A key plank of Greenpeace's work on protecting forests around the world is an obvious yet important message of putting "people and forests first".
Yet it is a message that needs repeating, often to the many companies that use forested areas to further their own profits.
The impact upon communities that live in and rely on forested areas for their livelihood is all too frequently and sadly the last of some companies' concerns rather than the first.
Violations of human rights are commonplace, particularly in the Democratic Republic of Congo (DRC), where many multinational firms operate, and such violations are often committed with impunity.
However we hope that a criminal complaint being filed today by the NGOs Global Witness and the European Center for Constitutional and Human Rights will send out an important message that these unwarranted acts of aggression, direct or indirect, against locals will no longer be met with impunity.
The complaint, submitted to the special prosecutor's office in Tübingen, Germany, accuses a senior manager of the Swiss-German timber multinational, the Danzer Group, of aiding and abetting human rights abuses against members of a community in the north of the DRC in May 2011.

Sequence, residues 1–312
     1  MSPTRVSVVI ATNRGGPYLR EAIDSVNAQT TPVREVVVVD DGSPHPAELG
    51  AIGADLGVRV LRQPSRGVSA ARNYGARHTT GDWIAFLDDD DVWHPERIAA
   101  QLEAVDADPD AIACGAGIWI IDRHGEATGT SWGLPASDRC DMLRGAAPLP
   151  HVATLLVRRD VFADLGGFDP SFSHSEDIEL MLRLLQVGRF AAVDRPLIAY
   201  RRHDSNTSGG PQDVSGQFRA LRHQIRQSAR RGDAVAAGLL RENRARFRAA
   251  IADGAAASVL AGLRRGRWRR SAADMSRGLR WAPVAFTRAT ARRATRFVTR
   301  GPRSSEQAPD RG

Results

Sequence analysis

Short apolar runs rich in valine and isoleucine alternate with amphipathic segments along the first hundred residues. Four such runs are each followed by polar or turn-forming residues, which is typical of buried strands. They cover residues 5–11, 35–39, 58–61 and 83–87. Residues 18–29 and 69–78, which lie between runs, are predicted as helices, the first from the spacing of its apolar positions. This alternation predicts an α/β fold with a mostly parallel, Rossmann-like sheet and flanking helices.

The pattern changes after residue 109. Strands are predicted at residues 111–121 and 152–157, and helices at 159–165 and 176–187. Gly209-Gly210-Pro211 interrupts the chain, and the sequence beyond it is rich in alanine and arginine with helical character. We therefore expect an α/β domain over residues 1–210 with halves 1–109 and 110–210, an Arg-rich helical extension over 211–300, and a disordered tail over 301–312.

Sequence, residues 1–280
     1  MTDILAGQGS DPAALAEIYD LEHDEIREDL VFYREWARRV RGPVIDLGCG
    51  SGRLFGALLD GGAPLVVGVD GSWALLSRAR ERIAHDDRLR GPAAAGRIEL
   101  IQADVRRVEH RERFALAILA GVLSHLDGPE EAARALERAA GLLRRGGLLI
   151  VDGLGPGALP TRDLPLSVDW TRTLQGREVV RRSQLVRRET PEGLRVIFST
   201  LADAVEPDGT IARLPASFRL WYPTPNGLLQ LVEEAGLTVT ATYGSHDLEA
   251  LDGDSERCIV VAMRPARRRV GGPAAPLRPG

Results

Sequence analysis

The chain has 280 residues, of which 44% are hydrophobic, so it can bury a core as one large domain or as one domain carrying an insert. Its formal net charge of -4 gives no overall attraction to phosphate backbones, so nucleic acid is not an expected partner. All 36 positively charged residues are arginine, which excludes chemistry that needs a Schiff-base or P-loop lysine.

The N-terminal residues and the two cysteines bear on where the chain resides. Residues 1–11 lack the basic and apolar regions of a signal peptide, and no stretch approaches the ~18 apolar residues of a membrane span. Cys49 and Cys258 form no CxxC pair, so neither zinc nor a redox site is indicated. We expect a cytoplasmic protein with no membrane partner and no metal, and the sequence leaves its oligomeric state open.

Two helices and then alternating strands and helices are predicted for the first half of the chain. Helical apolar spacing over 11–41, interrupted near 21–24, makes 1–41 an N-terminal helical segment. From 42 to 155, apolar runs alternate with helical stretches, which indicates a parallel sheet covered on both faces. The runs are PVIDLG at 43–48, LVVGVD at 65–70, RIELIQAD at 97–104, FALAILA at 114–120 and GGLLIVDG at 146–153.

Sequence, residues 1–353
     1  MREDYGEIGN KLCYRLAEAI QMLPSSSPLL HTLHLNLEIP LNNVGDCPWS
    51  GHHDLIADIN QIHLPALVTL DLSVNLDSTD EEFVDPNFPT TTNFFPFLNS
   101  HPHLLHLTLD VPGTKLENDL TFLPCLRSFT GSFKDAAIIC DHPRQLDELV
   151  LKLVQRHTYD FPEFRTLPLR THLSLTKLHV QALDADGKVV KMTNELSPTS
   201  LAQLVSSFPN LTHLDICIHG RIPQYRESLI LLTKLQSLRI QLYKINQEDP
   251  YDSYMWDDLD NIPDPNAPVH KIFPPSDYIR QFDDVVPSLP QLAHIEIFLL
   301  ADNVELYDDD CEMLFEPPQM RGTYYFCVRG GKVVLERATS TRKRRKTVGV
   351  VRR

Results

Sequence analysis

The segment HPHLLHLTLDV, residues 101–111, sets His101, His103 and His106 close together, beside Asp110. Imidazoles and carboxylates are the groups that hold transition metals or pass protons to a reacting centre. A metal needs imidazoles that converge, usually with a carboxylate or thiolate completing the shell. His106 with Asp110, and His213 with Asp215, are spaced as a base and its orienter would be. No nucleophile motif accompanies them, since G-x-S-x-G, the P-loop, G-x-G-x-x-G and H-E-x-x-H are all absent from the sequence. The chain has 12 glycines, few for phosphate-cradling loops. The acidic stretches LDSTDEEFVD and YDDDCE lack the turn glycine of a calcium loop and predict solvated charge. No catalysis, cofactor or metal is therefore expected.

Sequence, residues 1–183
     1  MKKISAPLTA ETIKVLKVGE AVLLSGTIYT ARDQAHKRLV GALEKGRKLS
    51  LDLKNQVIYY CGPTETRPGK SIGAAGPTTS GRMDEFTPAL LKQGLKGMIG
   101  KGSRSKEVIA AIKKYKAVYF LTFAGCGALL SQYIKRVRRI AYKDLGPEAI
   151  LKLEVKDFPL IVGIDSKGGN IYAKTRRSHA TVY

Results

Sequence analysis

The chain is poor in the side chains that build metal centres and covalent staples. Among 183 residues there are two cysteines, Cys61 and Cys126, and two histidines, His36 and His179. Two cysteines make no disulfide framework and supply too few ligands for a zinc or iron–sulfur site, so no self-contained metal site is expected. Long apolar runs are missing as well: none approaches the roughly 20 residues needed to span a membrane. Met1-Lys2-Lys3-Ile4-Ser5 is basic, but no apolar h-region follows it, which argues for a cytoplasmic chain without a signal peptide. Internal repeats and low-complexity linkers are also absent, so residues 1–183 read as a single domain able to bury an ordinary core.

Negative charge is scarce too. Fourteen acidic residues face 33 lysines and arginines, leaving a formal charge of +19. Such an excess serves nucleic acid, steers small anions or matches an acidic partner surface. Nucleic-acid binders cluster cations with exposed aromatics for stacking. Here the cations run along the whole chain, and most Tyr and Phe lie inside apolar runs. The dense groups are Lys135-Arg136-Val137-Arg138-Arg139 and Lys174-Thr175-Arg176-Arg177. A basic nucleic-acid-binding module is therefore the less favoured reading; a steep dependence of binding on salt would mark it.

The individual is alleged to have failed to prevent Congolese police and military officers from committing violent acts against members of the Bongulu village following protests directly related to the company's logging operations, despite being aware of the high risk of human rights violations.
According to the, sometimes, harrowing witness testimony, security forces inflicted grave bodily harm, women and girls were raped, property was destroyed and 16 people ended up being arbitrarily arrested. The company paid the police and military forces for their efforts.
Use of local forces to intimidate and enact reprisals against villagers and members of civil society guilty of nothing more than being brave enough to stand up for their rights, is an alarmingly commonplace tactic by logging companies in the DRC.
Greenpeace has spent years exposing and confronting these outrageous tactics and we have specifically called out Danzer repeatedly to cease resorting to such practices. Through their local subsidiary Siforco (sold in 2012), the Danzer Group has created social and environmental havoc, and contributed significantly to the organized chaos that is the logging sector in the country.
Yet our calls have repeatedly fallen on deaf ears. Following on from our complaint to the Forest Stewardship Council (FSC) in November 2011 asking them to disassociate from the Danzer Group, we hope that the Global Witness and ECCHR complaint finally wakes Danzer and other multinationals up to the fact that the violation of human rights against the citizens of the country they operate in is not a normal, nor accepted work practice and can no longer go unpunished.
Read Greenpeace report [PDF]: Stolen future: Conflicts and logging in Congo's rainforests - the case of Danzer, November 2011
Karine Jacquemart is an International Forests Campaigner - Congo